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"In Terrorem" or No Contest Clauses discourage will contests by disinheriting the beneficiary who contests the terms of the will.
In terrorem is Latin for “In order to frighten.”
As a legal term In Terrorem is a warning to prevent inheritance beneficiaries from contesting the will. Also called a No Contest Clause, if a beneficiary contests the will they will either be completely disinherited or a reduced inheritance.
The person making the gift or inheritance can make these decisions, however the person receiving the inheritance is not allowed to make these decisions.
In Terrorem clauses can act as a will challenge discouragement.
However, In Terrorem clauses will not prevent a will contest.
In Terrorem clauses, just create consequence for will disputes.
Inheritance Disputes can still be filed based on lack of capacity, Undue Influence, fraud and mistakes. If the beneficiary contests a will and is successful, then the contest clause usually does not apply. If the dispute is unsuccessful, the disputing beneficiary must argue that the contest action contained “probable cause.” If it is found that beneficiary had probable cause the beneficiary is not disinherited per the In Terrorem clause.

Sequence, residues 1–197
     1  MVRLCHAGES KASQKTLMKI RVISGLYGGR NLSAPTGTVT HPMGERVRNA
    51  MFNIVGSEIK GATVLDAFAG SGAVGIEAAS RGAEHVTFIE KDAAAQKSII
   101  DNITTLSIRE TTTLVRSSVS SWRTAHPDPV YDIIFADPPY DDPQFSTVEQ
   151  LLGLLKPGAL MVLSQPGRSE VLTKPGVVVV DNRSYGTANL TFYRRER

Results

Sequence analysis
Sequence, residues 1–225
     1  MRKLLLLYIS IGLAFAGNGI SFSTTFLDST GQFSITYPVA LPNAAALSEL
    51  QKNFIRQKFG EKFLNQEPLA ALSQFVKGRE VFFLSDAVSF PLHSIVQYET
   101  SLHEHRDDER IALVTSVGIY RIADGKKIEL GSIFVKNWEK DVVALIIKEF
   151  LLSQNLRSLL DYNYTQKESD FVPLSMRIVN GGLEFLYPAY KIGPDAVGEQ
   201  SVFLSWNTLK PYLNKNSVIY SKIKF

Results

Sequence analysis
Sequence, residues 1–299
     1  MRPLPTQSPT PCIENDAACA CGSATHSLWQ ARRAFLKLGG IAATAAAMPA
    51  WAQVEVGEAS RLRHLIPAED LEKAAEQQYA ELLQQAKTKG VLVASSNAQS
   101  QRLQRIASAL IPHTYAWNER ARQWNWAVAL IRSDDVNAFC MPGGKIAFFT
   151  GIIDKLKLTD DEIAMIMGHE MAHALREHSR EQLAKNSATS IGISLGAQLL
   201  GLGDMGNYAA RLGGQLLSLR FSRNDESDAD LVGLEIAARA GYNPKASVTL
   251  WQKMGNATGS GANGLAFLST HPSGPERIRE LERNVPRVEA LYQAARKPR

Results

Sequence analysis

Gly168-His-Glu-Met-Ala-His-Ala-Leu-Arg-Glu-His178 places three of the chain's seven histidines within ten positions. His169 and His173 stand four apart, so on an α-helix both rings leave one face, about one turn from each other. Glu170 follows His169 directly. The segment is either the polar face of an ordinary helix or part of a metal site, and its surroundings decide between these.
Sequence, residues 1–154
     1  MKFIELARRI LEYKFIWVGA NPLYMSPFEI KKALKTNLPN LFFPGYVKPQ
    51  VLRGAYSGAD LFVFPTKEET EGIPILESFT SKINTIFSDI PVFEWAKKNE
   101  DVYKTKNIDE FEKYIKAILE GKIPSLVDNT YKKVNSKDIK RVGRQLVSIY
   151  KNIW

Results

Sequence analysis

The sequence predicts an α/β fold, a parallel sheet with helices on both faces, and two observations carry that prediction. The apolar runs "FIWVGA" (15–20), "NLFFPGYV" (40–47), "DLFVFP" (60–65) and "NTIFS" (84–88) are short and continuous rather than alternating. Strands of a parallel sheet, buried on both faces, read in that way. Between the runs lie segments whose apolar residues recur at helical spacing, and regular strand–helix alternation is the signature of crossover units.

In January 2010 California courts significantly changed the courts position on In Terrorem clauses.
If you are drafting a will and want to discourage the possibly of will contests, In Terrorem clauses can be an option. However, there are detailed limitation and processes that must be followed to maintain the no contest clauses effectiveness.
As a beneficiary if you feel strongly and/or have evidence that the Will should be contested, you need to be extremely cautious if there is an In Terrorem clause. Justification for will contest like Testamentary Capacity, Undue Influence, Mistakes, Forgery and Fraud are still valid and can be successful. Due to the risk of triggering the In Terrorem consequences using a lawyer is highly recommended.
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